Researchers indicate that young drivers with attention-deficit/hyperactivity disorders (ADHD) may be more likely to engage in distracted driving behaviors, increasing the risk of an auto accident.
In a study published this week in the Journal of the American Medical Association (JAMA), researchers found that individuals diagnosed with ADHD during their childhood or adolescent years are more likely to be involved in a crash when compared to those of similar age without an ADHD diagnosis.
Researchers sought to find whether a relationship between ADHD and accidents among young drivers, and whether age range, sex, or other variables increased the risk among the specified groups.
The study involved a review of data for individuals within the state of New Jersey who were born between 1987 and 1997, that were registered as a primary care patient and resident of the state. The researchers found 18,344 individuals, of which 2,479 had been diagnosed with ADHD during their childhood or early adolescent stages, and 15,865 without the diagnosis.
Aside from just over 1,000 patient exclusions for intellectual disabilities and lack of primary care visits, researchers pulled driving records for the individuals and searched for police reported crashes. The data indicated crashes involving newly licensed drivers with ADHD were 36% higher when compared to individuals of the same age without an ADHD diagnosis.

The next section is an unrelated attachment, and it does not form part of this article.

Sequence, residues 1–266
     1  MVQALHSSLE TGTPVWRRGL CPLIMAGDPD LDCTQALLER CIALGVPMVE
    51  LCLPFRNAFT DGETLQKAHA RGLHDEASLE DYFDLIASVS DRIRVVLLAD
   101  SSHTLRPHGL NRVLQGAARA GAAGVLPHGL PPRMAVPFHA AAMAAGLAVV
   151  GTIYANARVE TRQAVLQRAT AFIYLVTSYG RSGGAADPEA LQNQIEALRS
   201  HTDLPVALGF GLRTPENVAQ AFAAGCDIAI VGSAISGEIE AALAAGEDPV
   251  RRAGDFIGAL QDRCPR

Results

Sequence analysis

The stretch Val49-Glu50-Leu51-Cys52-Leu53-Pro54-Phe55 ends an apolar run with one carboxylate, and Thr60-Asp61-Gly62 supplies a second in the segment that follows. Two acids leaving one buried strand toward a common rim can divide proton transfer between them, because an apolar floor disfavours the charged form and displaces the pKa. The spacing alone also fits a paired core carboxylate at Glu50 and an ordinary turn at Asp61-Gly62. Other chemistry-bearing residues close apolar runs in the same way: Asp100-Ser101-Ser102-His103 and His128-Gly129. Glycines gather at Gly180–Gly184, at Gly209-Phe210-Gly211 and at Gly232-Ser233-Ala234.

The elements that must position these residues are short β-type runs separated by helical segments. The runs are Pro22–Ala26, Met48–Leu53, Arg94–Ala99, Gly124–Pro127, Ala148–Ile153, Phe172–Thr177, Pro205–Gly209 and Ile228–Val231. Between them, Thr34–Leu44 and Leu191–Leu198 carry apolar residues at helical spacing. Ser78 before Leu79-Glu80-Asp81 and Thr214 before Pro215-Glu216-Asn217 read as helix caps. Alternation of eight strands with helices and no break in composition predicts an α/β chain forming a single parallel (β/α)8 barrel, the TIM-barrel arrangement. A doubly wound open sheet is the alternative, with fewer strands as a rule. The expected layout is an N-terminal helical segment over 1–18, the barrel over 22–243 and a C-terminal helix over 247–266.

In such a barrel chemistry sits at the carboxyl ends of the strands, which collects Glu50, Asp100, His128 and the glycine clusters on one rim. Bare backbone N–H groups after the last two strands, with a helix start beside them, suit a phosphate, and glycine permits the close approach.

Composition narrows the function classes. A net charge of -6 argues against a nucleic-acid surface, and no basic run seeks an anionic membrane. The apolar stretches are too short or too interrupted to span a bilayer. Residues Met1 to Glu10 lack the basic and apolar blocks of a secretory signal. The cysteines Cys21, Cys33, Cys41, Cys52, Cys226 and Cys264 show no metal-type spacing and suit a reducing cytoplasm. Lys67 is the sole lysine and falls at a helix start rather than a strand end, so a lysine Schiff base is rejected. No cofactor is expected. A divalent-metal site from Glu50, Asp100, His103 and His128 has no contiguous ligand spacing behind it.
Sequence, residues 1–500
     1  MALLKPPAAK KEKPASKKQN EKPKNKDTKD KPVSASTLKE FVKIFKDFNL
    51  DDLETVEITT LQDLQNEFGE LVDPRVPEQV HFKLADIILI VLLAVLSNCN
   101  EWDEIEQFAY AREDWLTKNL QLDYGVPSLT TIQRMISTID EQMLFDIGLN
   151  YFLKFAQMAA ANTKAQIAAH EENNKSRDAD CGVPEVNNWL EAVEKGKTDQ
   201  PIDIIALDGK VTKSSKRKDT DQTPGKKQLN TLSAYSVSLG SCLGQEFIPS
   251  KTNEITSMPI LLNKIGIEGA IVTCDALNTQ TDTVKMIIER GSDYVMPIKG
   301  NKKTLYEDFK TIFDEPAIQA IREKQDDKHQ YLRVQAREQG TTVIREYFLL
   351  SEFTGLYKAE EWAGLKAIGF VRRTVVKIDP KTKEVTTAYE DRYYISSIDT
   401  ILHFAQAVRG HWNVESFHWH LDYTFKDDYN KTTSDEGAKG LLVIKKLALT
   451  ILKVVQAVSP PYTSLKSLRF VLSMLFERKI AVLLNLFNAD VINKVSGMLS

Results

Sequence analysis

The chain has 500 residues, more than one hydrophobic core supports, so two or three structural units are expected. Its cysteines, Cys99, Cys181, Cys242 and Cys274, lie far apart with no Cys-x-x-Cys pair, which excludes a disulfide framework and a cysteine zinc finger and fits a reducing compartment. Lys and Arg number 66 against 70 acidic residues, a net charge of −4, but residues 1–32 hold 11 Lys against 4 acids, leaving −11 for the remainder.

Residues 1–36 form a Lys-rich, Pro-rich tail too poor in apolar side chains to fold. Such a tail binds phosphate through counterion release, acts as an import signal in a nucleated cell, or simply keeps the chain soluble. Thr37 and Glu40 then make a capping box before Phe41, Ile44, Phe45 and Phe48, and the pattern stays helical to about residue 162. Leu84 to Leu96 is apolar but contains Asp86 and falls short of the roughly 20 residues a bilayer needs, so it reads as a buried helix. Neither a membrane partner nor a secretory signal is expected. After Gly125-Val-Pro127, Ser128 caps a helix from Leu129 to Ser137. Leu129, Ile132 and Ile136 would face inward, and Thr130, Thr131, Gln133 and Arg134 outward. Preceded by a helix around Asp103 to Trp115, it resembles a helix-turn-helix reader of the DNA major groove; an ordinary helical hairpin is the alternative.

The average age of individuals analyzed in the study were between 17 and 22 years old. According to the study’s findings, no specific subset of age ranges was more or less likely to be involved in crashes. Furthermore, researchers found males and females with ADHD diagnosis were equally likely to be involved in motor vehicle crashes.
In the conclusion of the study, lead researcher Allison E, Curry, PhD, MPH indicated that much more research on the topic of ADHD driving risks is needed to understand the specific mechanisms of how drivers are influenced.
Distracted driving is the highest contributing factor to motor vehicle crashes across the United States, accounting for thousands of fatalities annually according to the National Highway Traffic Safety Administration (NHTSA). In 2013, a NHTSA report indicated 244 teenagers between 15 and 19 years old were killed in car accidents in 2013, and those numbers do not include occupants of the other vehicles involved in the accidents. The findings also indicate that 480 non-occupants, mostly pedestrians, were killed by distracted drivers in 2013.
ADHD diagnosis aside, recent studies and surveys have found that teens are more likely to engage in riskier behavior when behind the wheel. According to a Centers for Disease Control and Prevention (CDC) survey, more than four out of every 10 teens sent text messaging or emailed while driving within the month before being surveyed. The 2013 report surveyed 13,000 high school students and revealed more than 41 percent of teens texted or emailed while driving in the month before the survey.
Other studies have highlighted the risks associated with distracted driving, especially among first time teen drivers. In a study published in January 2014, in the New England Journal of Medicine, researchers concluded texting or dialing a phone number while driving is more likely to cause a car accident for teen drivers between the ages of 15 and 20, than adult drivers.